6. Broken Objects – If objects are broken or begin to fall apart, place all broken pieces and detached parts in clearly labeled, open containers. Do not attempt to repair objects until completely dry or, in the case of important materials, until you have consulted with a professional conservator.
  7. Paper Materials – Documents, books, photographs, and works of art on paper are extremely fragile when wet; use caution when handling. Free the edges of prints and paper objects in mats and frames, if possible. These should be allowed to air dry. Rinse mud off wet photographs with clear water, but do not touch surfaces. Wet books and papers should also be air dried or kept in a refrigerator or freezer until they can be treated by a professional conservator.
  8. Office Furniture – Furniture finishes and painting surfaces may develop a white haze or bloom from contact with water and humidity. These problems do not require immediate attention; consult a professional conservator for treatment. Textiles, leather, and other “organic materials will also be severely affected by exposure to water and should be allowed to air dry. Shaped objects, such as garments or baskets, should be supported by gently padding with toweling or unlinked, uncoated paper. Renew padding when it becomes saturated with water. Dry clean or launder textiles and carpets as you normally would.
  9. Art Work – Remove wet paintings from the frame, but not the stretcher. Air dry, face up, and away from direct sunlight.
  10. Metal Objects – Rinse metal objects exposed to flood waters, mud, or silt with clear water and dry immediately with a clean, soft cloth. Allow heavy mud deposits on large metal objects, such as sculpture, to dry. Caked mud can be removed later.
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Minimize breach response cost

Minimize breach response cost with operational strategy

Minimize breach response cost
Policies and procedures need to defined and be in place in order to minimize breach response cost

While the costs of a data breach can vary widely on a case-by-case basis, CIOs who understand the drivers behind the expense will be better positioned to take steps needed to protect their organization.

Here are 6 way to minimize breach response cost:

  1. Eliminate data you do not need.
    You can potentially dramatically reduce your exposure by destroying records of past customers.  You cannot lose data if you do not save it. In 2015 one company served 69 million customers, yet when they were breached that year, they exposed 78 million records. The extra nine million records most likely come from former customers. Each of these individuals had to be notified and offered credit monitoring, driving up costs.
  • Do not store street address if there is no real business requirement.
    When a breach occurs, companies are typically required to notify affected individual via old-fashioned, handwritten “snail mail.” But they can use alternative methods of notification, such as email or public announcement if they do not have a valid mailing address. Physical, written notifications can cost up to $2 per person, and the cost quickly adds up. It may be worth asking twice what the business need for those customer addresses is and considering not capturing these addresses to reduce the exposure to notification requirements.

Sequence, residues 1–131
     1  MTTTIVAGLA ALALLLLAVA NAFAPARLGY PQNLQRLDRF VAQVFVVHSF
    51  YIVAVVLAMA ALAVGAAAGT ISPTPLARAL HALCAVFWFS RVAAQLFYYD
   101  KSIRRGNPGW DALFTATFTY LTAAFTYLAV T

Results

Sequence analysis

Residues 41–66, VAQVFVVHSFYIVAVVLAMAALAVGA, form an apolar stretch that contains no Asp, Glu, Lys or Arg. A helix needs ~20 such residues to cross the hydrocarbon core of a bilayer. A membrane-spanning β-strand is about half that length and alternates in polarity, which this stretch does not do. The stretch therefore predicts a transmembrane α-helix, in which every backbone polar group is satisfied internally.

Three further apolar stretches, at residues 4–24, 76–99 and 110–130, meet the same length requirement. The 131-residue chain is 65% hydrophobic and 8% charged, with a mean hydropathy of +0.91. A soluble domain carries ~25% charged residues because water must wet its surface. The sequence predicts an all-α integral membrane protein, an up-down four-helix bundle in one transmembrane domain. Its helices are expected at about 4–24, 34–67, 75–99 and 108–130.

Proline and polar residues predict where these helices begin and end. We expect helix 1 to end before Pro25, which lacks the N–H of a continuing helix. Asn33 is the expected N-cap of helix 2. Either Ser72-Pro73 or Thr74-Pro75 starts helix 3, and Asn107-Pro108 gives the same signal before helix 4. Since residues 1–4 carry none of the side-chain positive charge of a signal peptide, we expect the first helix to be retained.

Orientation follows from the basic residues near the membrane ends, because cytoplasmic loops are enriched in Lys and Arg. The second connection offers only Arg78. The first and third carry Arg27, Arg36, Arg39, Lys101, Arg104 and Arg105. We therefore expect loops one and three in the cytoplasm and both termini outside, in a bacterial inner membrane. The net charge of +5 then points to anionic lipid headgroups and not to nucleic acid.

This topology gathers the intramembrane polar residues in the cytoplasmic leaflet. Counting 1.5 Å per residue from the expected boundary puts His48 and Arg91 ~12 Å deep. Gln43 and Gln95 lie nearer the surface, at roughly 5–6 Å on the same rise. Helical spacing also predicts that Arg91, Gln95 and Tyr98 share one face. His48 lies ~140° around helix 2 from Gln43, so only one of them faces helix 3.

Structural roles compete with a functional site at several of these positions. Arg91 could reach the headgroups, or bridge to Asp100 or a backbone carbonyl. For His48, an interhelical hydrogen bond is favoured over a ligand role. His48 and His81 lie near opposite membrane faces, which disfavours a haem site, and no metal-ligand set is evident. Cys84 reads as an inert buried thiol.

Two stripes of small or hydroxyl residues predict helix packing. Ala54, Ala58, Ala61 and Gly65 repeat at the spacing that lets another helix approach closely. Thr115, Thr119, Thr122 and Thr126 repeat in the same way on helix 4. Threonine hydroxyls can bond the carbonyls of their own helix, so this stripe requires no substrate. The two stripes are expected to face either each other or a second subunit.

• Utilize logs to prove proof a breach or data loss did not occur.
    One industry study shows that in 44% of incidents, public notification is not required. To avoid notification, companies must prove that, even if they were attacked, no records were improperly accessed. To do so, they use systems logs. Without logs, a company may be forced to assume a breach occurred because it cannot prove otherwise.
  • Follow PCI rules and protect credit card data.
    For breaches that involve credit card data, reimbursing card companies for fraudulent transactions can amount to a staggering cost, from $3-$30 or more per card. New chip cards are designed to reduce fraud, and early data show they are having the intended effect – MasterCard reported a 54% reduction in counterfeit card fraud costs at retailers who have switched to chip cards.
  • Use experts who know the breach response landscape.
    Your breach response effort is not a good time to reinvent the wheel. Missteps happen fast and have serious consequences. Credit monitoring alone can cost $5 to $30 per person. Data breach specialists, such as PR consultants or data privacy lawyers, often have seen as many as hundreds of data breaches and are highly practiced at helping you craft a genuine story that keeps confusion – and costs – down.
  • Be prepared for additional audits and compliance reviews.
    In the wake of a breach, a company may be audited and investigated by a number of regulatory agencies. While it’s not guaranteed to occur, it is likely, and there are simple steps you can take to prevent sensational fines if it does. To start, CIOs and  CFOs should be strong advocates for the implementation of the security controls recommended by external auditors or by regulators themselves.

eCommerce obsoleting traditional retail

eCommerce obsoleting traditional retail – Infrastructure needs to change

eCommerce obsoleting traditional retail
One of the best ways to communicate and understand a company and its operating culture is through its policies. Designing and writing policy and communicating it effectively is an essential skill for professionals to have. By having policy carefully developed and communicated, employees will clearly know what the organization expects from them, the degree of control and independence they will have, and what the benefits and consequences are in regard to adhering to policy.